Assad regime is 'falling apart', says former PM
FORMER SYRIAN prime minister Riyad Hijab yesterday claimed that President Bashar al-Assad’s government was falling apart and now controlled only 30 per cent of the country.
In his first public appearance since defecting to the opposition, Mr Hijab told a news conference in Jordan that the government’s spirits were low.
“I tell you out of my experience and the position I occupied that the regime is collapsing, morally, materially and economically. Militarily it is crumbling as it no longer occupies more than 30 per cent of Syrian territory,” he said.
It has been hard to independently determine the extent of territory in rebel hands because much of the fighting has occurred in outlying towns and rural areas and media access to Syria is restricted.
But President Assad’s regime has lost swathes of territory along Syria’s northern and eastern border and fighting has weakened his hold on larger cities such as Aleppo and Homs.
Mr Hijab, who like much of the opposition comes from Syria’s Sunni Muslim majority, was not part of the Assad inner circle. But as prime minister and the most senior civilian official to defect, his departure dealt a symbolic blow to the government, which is dominated by President Assad’s minority Alawite sect.
His defection, along with that of Syria’s ambassador to Iraq, has boosted opposition morale but the military reality on the ground has not changed, with aerial and ground bombardment keeping rebels in check.
Mr Hijab urged officers in the military to defect and join the opposition. He also called on rebels to work harder to unify their fractious ranks.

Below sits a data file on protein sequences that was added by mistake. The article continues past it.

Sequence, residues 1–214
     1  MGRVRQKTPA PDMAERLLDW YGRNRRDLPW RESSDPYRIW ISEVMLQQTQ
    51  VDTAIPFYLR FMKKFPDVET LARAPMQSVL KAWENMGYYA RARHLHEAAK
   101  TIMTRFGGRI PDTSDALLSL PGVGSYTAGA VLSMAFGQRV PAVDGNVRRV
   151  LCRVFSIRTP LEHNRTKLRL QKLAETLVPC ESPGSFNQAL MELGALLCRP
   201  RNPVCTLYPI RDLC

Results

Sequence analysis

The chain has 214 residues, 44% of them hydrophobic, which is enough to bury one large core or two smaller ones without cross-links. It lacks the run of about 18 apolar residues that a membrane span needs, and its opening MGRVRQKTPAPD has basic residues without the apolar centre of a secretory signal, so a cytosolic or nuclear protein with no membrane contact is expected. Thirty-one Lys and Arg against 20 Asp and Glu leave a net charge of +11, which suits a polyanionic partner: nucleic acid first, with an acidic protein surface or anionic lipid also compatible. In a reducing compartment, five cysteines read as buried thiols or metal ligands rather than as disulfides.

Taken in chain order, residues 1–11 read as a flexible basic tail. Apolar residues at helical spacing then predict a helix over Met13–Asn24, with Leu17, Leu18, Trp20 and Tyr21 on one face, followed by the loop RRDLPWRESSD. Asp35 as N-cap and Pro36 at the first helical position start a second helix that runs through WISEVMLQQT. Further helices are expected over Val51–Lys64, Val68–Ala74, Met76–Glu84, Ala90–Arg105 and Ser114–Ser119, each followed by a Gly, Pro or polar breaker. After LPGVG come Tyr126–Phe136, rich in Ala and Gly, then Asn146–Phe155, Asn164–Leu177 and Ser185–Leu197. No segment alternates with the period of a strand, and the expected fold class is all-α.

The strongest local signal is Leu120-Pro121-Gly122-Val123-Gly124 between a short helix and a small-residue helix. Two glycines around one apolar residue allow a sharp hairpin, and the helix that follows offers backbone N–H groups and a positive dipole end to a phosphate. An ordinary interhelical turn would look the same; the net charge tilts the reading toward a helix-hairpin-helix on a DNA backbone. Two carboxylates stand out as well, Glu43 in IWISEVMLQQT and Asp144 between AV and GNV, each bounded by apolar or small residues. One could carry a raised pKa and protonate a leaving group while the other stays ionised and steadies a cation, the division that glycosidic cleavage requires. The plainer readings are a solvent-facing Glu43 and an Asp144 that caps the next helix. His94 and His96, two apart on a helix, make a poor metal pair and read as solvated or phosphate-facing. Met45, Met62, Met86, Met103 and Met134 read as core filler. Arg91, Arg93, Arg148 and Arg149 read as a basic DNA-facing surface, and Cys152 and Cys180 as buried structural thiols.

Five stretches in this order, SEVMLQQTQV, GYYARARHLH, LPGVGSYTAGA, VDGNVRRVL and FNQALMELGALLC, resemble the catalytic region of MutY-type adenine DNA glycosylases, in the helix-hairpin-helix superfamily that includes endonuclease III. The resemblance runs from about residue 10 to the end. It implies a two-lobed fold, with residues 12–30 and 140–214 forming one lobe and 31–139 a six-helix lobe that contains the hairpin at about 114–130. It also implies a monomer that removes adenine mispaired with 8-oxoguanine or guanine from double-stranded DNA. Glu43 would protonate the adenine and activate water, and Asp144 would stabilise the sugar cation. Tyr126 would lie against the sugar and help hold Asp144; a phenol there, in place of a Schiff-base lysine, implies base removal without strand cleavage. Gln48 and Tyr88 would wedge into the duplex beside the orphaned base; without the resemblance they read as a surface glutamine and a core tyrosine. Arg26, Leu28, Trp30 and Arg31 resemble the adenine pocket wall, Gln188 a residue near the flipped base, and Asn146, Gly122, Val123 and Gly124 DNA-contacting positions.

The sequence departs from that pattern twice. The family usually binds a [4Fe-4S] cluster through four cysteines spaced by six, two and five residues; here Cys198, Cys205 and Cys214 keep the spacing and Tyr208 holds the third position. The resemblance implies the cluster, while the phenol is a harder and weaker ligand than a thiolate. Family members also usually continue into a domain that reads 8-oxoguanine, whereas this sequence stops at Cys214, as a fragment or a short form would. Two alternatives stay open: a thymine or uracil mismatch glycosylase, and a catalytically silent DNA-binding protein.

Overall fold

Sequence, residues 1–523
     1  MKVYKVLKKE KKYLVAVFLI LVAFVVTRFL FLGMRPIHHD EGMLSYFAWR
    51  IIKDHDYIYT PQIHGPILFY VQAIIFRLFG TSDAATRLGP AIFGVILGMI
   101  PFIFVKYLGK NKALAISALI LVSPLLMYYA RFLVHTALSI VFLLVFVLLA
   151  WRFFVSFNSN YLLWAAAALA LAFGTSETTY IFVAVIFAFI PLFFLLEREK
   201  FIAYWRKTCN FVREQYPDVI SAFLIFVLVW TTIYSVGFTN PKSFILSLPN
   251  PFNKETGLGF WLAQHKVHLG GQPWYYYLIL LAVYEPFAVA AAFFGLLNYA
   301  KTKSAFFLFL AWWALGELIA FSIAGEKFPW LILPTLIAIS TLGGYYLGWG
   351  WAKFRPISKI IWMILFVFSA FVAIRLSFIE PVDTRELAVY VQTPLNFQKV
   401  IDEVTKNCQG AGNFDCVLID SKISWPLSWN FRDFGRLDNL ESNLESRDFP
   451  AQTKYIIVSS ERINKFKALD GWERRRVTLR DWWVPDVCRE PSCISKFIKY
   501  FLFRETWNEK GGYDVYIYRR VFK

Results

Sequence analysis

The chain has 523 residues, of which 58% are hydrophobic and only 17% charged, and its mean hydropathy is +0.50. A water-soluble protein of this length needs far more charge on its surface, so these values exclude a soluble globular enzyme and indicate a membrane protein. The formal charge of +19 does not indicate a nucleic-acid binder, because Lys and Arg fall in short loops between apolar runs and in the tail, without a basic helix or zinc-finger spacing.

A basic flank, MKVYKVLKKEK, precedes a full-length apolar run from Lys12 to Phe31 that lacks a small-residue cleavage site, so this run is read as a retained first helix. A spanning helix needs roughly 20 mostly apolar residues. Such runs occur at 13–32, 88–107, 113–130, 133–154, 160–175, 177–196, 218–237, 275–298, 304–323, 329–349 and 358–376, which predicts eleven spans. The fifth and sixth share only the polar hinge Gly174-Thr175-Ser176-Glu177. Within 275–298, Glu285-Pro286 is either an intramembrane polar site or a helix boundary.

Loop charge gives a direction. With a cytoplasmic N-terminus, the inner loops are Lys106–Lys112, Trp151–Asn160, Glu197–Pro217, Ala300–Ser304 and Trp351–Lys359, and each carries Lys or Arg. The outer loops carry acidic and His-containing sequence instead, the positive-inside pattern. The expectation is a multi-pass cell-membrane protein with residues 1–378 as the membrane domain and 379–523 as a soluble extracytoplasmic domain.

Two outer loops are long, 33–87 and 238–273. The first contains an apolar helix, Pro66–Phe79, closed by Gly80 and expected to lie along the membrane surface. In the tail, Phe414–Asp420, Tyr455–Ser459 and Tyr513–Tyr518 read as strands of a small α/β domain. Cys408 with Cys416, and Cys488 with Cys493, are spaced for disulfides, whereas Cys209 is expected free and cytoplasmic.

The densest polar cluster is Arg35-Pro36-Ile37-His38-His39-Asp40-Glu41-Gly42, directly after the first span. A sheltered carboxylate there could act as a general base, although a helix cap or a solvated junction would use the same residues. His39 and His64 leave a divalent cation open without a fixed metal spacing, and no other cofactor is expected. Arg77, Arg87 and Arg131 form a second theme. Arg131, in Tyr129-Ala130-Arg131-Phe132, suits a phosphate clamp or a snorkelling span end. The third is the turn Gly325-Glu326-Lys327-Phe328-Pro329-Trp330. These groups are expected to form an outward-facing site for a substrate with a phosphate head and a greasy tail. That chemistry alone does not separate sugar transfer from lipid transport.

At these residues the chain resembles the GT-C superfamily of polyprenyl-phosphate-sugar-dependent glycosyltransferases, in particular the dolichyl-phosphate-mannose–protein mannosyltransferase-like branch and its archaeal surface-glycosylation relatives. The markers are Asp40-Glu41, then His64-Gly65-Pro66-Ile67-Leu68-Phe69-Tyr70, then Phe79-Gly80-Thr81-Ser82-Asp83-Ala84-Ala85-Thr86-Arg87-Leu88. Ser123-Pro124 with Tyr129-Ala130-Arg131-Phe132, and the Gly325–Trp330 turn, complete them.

Syrian authorities claim they had dismissed Mr Hijab before he fled, but he told a news conference in Amman he had resigned and defected to the opposition, referring to the Assad government as an “enemy of God”.
“It is my duty to wash my hands of this corrupt regime,” he said.
President Assad faced a further diplomatic blow yesterday with the suspension of Syria from the Saudi-based Organisation of Islamic Co-operation, a step opposed by his Shia Muslim ally Iran.
President Assad will view the OIC move to suspend Syria as the work of Sunni Muslim states backing the rebels fighting to topple him. Divisions among the big powers and regional rivalry between Iran and Saudi Arabia have stymied diplomatic attempts to calm the conflict in Syria, where opposition sources say at least 18,000 people have been killed.
The British-based Syrian Observatory for Human Rights said more than 180 people died on Monday.
The violence has displaced 1.5 million people inside Syria and forced many to flee abroad, with 150,000 registered refugees in Turkey, Jordan, Lebanon and Iraq, UN figures show.
United Nations emergency relief co-ordinator Valerie Amos arrived in Syria to discuss humanitarian aid for civilians trapped or uprooted by the fighting, which has often prevented the delivery of food and medical supplies.
Baroness Amos was due to meet Syrian authorities including deputy foreign minister Faisal Mekdad in Damascus, followed by talks with officials from the Syrian Arab Red Crescent, spokesman Jens Laerke said.
“She’s there to express her grave, grave concern over the situation,” Mr Laerke told a news briefing. “She will look at the situation on the ground and discuss with the government and humanitarian partners how to scale up the response in Syria.”
About two million people have been affected by the 17-month-old crisis and more than a million are uprooted within Syria. – (Reuters)